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Wrench and Rodent Seabasstropub

1815 S Coast Hwy, Oceanside

Door to the Seabasstropub

Door to the Seabasstropub

Tucked in the back of Oceanside Bull Taco, Wrench and Rodent is the brainchild of Davin Waite, local sushi guy who came up through the ranks of La Jolla’s Cafe Japengo. The name allegedly means nothing except, "We're very cheeky," at least according to the staff. The place bills itself as a tiny oasis of sushi greatness, a place where sushi nerds can geek out over cutting edge preparations of “unorthodox nigiri and sashimi.” The restaurant’s Facebook page teems with food porny snapshots of unusual fish parts prepared to melt the heart of the most-bored food cynic.

Plus, the buzz was nothing but positive. Everybody seemed stoked on the Seabasstropub. I guess I was just set up for disappointment.

One piece from a big, soft, glossy mag said the place had a “Victorian punk rock style.” Grungy is one thing, but the Seabasstropub comes off as seedy and, at least metaphorically, dirty. I can see embracing some grittiness, but sticky tables and sloppy service? I wouldn’t begrudge a restaurant for not wanting to meet my few, extremely simple requests — unless of course the menu said, “We appreciate your creativity; special requests are always welcome!”

Apparently, they aren’t. Lesson learned.

OK, on to the food. Wrench and Rodent’s claim to fame lies with creative sushi preparations, but much of the preparations reveal a trying-too-hard mentality. Many of their sauces, like the arugula chimichurri and the caper tapenade, are just too fierce for sushi. They lack subtlety, and there’s no question that a simple nikiri (Mirin and soy sauce) would better complement the “chef-selected” fish of which Wrench and Rodent is so proud.

The only thing worse is when the kitchen, for some baffling reason, decides to omit everything from the sushi. Yellowtail and tuna both came out to table without any trace of wasabi or nikiri, and that’s wholly unacceptable at a place with such a high-opinion of itself. Sure, there’s plain old soy sauce on the table, and a big chunk of wasabi on the plate, but should I really be expected to disassemble my sushi, add wasabi (with what? my bare hands?), and then overpower it with undiluted soy sauce?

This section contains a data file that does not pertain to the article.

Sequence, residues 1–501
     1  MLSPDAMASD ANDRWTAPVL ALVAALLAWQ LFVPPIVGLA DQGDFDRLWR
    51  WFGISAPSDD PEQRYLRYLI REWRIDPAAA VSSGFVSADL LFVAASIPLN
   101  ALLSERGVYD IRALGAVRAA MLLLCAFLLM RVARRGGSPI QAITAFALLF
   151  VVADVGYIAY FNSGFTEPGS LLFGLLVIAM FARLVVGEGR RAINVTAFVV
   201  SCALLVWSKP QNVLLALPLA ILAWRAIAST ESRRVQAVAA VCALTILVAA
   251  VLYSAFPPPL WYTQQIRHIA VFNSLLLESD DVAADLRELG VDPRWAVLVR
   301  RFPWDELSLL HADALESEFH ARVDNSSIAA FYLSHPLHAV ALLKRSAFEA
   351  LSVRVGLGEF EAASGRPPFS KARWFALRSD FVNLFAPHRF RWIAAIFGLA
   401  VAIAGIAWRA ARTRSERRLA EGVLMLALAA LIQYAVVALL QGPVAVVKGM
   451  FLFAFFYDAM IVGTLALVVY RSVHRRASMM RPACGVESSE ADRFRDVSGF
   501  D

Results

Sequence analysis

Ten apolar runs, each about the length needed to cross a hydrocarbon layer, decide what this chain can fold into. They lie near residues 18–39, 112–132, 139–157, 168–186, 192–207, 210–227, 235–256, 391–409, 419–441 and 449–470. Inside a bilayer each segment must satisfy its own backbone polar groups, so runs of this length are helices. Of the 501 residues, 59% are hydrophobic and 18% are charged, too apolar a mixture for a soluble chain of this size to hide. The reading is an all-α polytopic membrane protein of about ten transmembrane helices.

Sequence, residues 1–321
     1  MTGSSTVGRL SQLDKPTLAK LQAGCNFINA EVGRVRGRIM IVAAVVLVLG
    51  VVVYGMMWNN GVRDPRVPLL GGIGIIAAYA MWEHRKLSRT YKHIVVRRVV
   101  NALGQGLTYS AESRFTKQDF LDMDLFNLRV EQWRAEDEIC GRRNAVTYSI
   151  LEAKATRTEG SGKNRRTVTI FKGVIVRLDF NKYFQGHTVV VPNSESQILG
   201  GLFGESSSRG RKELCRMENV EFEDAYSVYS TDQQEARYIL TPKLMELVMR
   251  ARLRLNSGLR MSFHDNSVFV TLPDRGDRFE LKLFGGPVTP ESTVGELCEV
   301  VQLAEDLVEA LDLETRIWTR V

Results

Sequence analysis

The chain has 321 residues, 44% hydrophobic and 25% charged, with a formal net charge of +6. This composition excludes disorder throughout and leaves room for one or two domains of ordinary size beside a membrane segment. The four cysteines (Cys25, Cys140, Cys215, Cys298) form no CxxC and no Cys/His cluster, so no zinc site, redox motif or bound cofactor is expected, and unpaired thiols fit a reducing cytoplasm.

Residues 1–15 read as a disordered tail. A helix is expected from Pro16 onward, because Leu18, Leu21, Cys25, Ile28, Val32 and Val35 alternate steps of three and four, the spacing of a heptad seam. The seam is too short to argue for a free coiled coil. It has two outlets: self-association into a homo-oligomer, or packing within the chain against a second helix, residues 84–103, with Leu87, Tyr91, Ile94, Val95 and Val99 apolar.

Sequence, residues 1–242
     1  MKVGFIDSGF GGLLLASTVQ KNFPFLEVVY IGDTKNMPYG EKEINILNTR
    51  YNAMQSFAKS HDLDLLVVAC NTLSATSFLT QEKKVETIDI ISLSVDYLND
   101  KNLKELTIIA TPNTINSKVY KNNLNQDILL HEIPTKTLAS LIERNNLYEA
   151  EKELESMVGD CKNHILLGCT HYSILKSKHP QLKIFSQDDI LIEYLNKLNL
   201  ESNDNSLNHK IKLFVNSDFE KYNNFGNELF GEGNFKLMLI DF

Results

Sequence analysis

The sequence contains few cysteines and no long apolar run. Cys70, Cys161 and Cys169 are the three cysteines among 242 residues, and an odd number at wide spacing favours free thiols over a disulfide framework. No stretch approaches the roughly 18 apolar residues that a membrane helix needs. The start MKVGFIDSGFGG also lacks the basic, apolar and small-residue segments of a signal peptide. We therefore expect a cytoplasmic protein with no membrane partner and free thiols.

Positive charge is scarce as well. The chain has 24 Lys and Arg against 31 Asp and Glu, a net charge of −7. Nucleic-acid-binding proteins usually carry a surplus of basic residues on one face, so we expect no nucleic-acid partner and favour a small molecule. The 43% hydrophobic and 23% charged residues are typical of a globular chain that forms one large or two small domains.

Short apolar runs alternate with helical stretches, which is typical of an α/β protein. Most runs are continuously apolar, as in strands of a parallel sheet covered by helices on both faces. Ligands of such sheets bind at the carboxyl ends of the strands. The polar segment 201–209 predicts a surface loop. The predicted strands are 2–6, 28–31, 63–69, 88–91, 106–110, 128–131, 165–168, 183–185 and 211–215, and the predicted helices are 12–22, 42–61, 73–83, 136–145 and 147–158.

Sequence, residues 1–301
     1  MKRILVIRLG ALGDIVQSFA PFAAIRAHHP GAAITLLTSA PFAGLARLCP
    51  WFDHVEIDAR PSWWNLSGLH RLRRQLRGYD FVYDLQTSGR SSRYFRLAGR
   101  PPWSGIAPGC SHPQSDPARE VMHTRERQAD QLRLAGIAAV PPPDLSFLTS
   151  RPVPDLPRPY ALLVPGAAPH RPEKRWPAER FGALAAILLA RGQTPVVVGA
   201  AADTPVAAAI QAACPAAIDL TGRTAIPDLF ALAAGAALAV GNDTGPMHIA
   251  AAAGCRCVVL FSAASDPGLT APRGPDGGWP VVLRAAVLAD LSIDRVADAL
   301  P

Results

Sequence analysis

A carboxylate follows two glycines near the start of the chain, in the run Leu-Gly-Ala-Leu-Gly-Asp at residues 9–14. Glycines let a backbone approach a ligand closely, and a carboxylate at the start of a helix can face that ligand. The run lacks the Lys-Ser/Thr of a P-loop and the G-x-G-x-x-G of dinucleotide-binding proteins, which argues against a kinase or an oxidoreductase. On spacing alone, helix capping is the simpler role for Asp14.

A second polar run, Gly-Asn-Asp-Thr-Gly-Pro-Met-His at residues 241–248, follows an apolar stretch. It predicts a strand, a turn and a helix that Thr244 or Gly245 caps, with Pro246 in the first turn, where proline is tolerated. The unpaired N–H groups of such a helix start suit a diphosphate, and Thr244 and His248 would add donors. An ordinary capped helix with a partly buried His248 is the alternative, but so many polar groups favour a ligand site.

I think not.

One would think that this temple of sushi-craft would have the basics on lock, but one would be wrong. The basic recipe for the rice is too sweet and gummy, and without good rice and a command of the basics, how are you supposed to elevate the craft above Sushi Deli standards? What’s the point in redefining sushi when you can’t even prepare octopus properly?

A lot of people don’t know this, but Picasso was a more conventional artist before he experimented with Cubist technique and changed the world of art as it was known.

The man had mastered the lessons of the Old Masters, Mannerists, Impressionists, and everything in between, and his artwork only got experimental after that. Reverse engineer a Picasso, and there’s a perfect portrait underneath. The lesson here is that you can’t neglect the basics, which is exactly what the Seabasstropub has done. You want to start a revolution? Fine. But don’t ever think the small stuff doesn’t matter.

When the best thing I can say is, “At least it wasn’t expensive,” well, that’s barely an endorsement. People may think I’m hating just to hate, but let me stress that I came into this restaurant with childlike excitement. I keep a little notebook of restaurants to try, and I wrote the following phrase therein:

holy fucking hell the seabasstropub!

Word for word. I felt like I was in for sushi revelation, so being disappointed like this just plain hurts. Everywhere I go, I hope to be delighted, but Wrench and Rodent broke my foodie heart. It’s a major problem for our food scene when a place glides along on an endless wave of hype; propelled by tidal forces of puffy journalism and aggressive PR campaigns, Yelpers who wouldn’t know real cuisine if it hit them in the teeth, and meek diners who toe the party line that anything labelled “local” is automatically good.

The vital takeaway here is that the Wrench and Rodent Seabasstropub isn't terrible. It's very average, and this isn't meant as some kind of super-personal takedown. The looming problem is that the restaurant, and the bogus things that have been written about it, would have us all believe that The Dalai Sushi Buddah Jesus was behind the bar, imbuing slices of yellowfin tuna with His Holy Certitude.

I could say the same for half-a-dozen other places, all equally hyped, all (almost) equally disappointing.

How about some more of these super-hyped restaurants actually live up to their own promises, or just be real about what they are, OK?

/RANT

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Comments

shirleyberan Sept. 14, 2014 @ 10:39 a.m.

Really enjoyed your assessment. Wouldn't get past the front door with that unappetizing epithet.

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Ian Pike Sept. 15, 2014 @ 4:37 p.m.